Drillin hard mystery steel is tricky. Yoiu really do not know wot that file is made from and a big thing is whether it is an air hardening steel. If it iis it will take a full annealing to make it easy to drill. That part is not hard if yoiu know how and have the tools to heat it properly and cool it properly. I have not tried the masonary bit, That would seem to be a first choice for this if yoiu have a way to sharpen it. A carbide bit will work for this if youi do it right. As mentioned above they break real easy. And they are not cheap at all. With the bit in a derill press and the blade clamped securely to a piece of mild steel yoiu can apply even pressure ,,when the bit starts to exit the bottom it will break if you do not have it clamped to a back up or if there is a gap between it and back up steel. You will not like my next thought at all. If you do not have the tools needed to follow the above. Start a new knife from a steel that is annealed and lay this one aside for the future. This will make more sense after you spend the next few days and maybe breaking a few carbide bits at near ten bucks a pop. Good luck. ( i recycled my broken carbide bits into quite a few usefull shop tools.)

#7 Jerry W.

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Posted 22 September 2012 - 12:34 PM

As Rich said, you can use a carbide bit. It will take pressure and high rpm on the drill to drill through the hardened steel. You do need to make sure that it does have a metal backing plate. If you do not, the carbide will break as soon as it starts to punch through. When we drill safes to open them, we use this method to drill through the hard plate that protects the lock. Good luck, Jerry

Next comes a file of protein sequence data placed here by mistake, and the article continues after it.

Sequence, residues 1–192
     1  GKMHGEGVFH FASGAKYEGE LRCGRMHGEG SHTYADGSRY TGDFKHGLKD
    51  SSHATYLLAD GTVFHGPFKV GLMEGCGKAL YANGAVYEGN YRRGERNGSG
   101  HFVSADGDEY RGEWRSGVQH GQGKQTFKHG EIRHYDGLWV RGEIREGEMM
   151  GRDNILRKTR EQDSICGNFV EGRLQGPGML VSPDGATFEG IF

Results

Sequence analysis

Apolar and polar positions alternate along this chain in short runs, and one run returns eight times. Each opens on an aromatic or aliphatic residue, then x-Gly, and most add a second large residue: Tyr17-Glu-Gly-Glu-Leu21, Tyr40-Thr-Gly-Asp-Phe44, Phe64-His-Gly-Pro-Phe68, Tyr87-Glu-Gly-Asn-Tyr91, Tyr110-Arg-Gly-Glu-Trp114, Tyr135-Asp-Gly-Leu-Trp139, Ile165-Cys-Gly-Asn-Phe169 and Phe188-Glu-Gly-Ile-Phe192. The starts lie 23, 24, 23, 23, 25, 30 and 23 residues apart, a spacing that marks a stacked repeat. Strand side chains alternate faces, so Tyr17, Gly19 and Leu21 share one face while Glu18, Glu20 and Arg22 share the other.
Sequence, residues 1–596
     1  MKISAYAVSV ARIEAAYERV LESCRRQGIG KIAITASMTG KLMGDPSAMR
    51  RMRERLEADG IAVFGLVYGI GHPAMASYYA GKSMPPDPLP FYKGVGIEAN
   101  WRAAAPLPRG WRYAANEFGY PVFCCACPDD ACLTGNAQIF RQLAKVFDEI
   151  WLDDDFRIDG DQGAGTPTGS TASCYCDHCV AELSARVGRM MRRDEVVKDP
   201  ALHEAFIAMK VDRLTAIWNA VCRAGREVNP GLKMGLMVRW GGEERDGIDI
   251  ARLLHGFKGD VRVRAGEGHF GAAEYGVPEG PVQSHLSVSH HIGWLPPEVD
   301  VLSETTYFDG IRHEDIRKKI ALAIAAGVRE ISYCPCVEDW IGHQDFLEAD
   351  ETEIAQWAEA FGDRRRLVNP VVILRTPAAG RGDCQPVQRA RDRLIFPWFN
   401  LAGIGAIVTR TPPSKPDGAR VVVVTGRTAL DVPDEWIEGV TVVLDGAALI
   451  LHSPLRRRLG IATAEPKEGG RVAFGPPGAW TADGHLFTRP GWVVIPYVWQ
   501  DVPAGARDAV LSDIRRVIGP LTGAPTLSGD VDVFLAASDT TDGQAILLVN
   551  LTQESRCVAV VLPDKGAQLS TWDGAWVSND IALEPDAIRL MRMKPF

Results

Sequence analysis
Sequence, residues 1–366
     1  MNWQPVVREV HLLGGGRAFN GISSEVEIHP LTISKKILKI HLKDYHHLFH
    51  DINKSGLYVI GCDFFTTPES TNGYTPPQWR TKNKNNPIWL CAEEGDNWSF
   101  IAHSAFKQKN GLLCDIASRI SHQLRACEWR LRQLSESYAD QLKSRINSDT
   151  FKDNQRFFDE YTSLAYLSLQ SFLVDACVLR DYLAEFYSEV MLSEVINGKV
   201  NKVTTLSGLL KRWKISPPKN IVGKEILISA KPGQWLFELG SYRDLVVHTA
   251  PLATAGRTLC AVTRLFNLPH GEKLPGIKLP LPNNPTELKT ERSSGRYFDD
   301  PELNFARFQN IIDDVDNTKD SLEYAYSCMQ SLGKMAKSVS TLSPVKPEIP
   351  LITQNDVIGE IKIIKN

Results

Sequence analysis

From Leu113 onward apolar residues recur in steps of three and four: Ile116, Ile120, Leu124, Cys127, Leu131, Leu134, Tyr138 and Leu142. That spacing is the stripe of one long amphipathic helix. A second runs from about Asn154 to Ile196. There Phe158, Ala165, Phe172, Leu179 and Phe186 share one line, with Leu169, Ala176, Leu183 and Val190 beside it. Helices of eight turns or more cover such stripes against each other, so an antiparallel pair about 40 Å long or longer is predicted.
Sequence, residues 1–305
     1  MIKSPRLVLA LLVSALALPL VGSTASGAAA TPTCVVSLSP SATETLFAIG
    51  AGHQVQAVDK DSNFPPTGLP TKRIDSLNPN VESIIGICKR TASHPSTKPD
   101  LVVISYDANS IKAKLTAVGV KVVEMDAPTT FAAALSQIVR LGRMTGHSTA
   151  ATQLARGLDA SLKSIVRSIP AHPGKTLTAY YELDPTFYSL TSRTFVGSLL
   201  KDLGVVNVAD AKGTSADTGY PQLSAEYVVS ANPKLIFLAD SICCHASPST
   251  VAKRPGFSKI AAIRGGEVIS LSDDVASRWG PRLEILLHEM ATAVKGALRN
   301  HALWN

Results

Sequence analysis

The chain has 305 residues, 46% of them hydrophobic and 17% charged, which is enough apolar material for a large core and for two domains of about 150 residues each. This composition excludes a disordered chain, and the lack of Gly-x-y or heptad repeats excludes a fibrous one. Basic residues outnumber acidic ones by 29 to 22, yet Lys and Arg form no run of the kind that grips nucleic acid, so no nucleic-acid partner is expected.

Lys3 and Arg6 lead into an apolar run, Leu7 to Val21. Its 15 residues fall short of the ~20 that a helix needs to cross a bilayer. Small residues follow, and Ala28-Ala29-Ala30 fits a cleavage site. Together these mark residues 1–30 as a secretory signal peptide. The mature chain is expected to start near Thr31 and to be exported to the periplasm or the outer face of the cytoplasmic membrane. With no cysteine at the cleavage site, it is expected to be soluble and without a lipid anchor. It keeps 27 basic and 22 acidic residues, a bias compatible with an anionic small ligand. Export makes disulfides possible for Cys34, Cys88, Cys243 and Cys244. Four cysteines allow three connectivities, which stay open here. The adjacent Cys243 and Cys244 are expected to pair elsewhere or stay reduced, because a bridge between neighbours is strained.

#8 ianinsa

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Posted 22 September 2012 - 12:37 PM

See if someone close to you has a plasma cutter- use it to burn a pinhole and then slowly enlarge the hole, then peen in a pin(brass is good) and drill the hole in that.
My $0.02 worth.
Ian
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#9 mat

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Posted 22 September 2012 - 03:56 PM

m morris makes knives (stock removal) from new files, he has 3 vids in this series,he tempers the file to the mid 50s rockwell then grinds and drills he uses a carbide bit.



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#10 Aden Cassidy

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Posted 23 September 2012 - 04:37 AM

I was going to put up pics of the reforged file before I try and finish it but can't find the bloody thing.
Must've put it down somewhere yesterday.

#11 Tran

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Posted 23 September 2012 - 07:41 AM

I have in the past, used an angle grinder to grind a slot length wise in the tang. Then drill the scales and fill the slot with epoxy or whatever. Then clamp the scales. Then place the pins in. After the epoxy hardens peen the pins or not.

#12 Woody

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Posted 23 September 2012 - 11:44 AM

hasn't anybody heard of Jigging Putty. it's a putty like substance that is used to keep heat from running to places you don't want it to go. Just pack the blade end in jigging putty and then heat the tang and let it air cool, that should soften it enough to drill unless it's an air hardening steel, then all bets are off. Hot punch it.